Then we dig into the journals. Each monkey takes a turn reading a story or two from each child. We then warm up by stretching and playing theater games. Once we are warm, we divide into groups and grab whatever story inspired someone. Maybe it was a setting, a character, a mood, or they wanted to turn it into a rap… we listen to their idea and then we discuss and improvise our way through the story. We run it a couple of times to get down our lines and actions, and then we present it to the director and the larger group. They help us to solidify our ideas and make it look good on the stage. We then talk to the manager about what props we need to make, buy or borrow. Perhaps we need a shark hat or a giant whale? We might have one in storage or we might have an awesome person in the cast who wants to make it for the show.
We do this again and again until we have 20 stories for the show!
Songs take a longer time to work through, so we normally give that an entire three hour rehearsal. Normally we have two big songs per show and the closing number which is written by a monkey and performed at each show all year. The person who wrote the song normally plays it for the group, then we learn it, record it, and put it up on stage. Sometimes we have a choreographer that teaches us some awesome moves, and sometimes we work as a group to come up with them. We listen to the recording for the rest of the week to memorize it before our performance.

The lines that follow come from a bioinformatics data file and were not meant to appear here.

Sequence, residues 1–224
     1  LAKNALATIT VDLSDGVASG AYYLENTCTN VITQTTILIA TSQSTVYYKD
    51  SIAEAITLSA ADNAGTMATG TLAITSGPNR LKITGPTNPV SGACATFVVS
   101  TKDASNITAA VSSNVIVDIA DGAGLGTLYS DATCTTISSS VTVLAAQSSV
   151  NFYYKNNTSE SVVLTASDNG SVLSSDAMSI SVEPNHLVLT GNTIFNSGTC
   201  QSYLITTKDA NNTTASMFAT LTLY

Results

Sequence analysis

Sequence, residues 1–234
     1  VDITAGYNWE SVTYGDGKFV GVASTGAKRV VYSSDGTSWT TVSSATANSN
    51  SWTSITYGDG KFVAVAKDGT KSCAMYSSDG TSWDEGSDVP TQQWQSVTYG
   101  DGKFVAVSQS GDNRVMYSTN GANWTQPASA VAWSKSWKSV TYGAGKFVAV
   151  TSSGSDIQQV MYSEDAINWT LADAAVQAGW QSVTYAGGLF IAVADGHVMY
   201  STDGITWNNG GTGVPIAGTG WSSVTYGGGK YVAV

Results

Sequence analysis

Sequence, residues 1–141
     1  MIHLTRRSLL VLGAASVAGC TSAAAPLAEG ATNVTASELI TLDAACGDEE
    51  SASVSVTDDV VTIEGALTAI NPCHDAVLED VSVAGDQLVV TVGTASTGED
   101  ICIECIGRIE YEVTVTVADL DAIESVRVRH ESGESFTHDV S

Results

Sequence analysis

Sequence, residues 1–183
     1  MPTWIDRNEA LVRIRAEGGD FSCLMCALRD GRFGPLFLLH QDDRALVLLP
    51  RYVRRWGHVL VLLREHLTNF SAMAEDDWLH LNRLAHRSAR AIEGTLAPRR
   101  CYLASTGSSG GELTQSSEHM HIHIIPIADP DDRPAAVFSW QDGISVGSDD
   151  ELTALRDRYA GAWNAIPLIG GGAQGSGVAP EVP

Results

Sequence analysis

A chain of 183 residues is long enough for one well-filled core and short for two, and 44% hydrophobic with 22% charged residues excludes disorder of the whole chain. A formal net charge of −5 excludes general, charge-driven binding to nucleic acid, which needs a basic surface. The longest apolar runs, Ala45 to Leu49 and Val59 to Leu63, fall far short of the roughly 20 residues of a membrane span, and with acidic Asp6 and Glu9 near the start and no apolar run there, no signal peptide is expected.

The dress rehearsal is the last night before the show. We make sure we have all the costumes and props we need for each story. We run through each song and dance and complicated story before the run, and then we do the entire show for a small audience of other monkeys and friends. The director takes notes, and we listen to them before we head home that night.
We pack up everything after the dress rehearsal. Then we meet for breakfast before the show. We like to meet in the neighborhood of the school. It’s a good time to go over lines with other monkeys, review our run list and ask any questions and get a good breakfast!
Then we get to the school, set up the stage, run a top and bottoms (which means we start and end each sketch really fast). We normally run the songs, so we can set the sound levels in the space and practice any dancing. Then the children arrive and we start the show!
From Page to Stage in 18 hours!